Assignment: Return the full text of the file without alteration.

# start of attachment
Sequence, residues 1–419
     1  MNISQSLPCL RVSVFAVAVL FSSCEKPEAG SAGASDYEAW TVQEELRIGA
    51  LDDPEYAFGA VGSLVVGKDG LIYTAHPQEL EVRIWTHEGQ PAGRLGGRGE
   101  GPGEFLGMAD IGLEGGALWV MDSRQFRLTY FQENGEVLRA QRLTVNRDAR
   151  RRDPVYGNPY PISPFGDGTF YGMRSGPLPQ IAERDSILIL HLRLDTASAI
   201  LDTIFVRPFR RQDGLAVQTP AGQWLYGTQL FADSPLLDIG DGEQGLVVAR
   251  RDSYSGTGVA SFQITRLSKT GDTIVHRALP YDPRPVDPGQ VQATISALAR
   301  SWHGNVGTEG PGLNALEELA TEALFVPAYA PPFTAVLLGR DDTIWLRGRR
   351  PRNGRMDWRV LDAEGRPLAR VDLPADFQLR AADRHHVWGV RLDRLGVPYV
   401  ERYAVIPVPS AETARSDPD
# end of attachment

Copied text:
Sequence, residues 1–419
     1  MNISQSLPCL RVSVFAVAVL FSSCEKPEAG SAGASDYEAW TVQEELRIGA
    51  LDDPEYAFGA VGSLVVGKDG LIYTAHPQEL EVRIWTHEGQ PAGRLGGRGE
   101  GPGEFLGMAD IGLEGGALWV MDSRQFRLTY FQENGEVLRA QRLTVNRDAR
   151  RRDPVYGNPY PISPFGDGTF YGMRSGPLPQ IAERDSILIL HLRLDTASAI
   201  LDTIFVRPFR RQDGLAVQTP AGQWLYGTQL FADSPLLDIG DGEQGLVVAR
   251  RDSYSGTGVA SFQITRLSKT GDTIVHRALP YDPRPVDPGQ VQATISALAR
   301  SWHGNVGTEG PGLNALEELA TEALFVPAYA PPFTAVLLGR DDTIWLRGRR
   351  PRNGRMDWRV LDAEGRPLAR VDLPADFQLR AADRHHVWGV RLDRLGVPYV
   401  ERYAVIPVPS AETARSDPD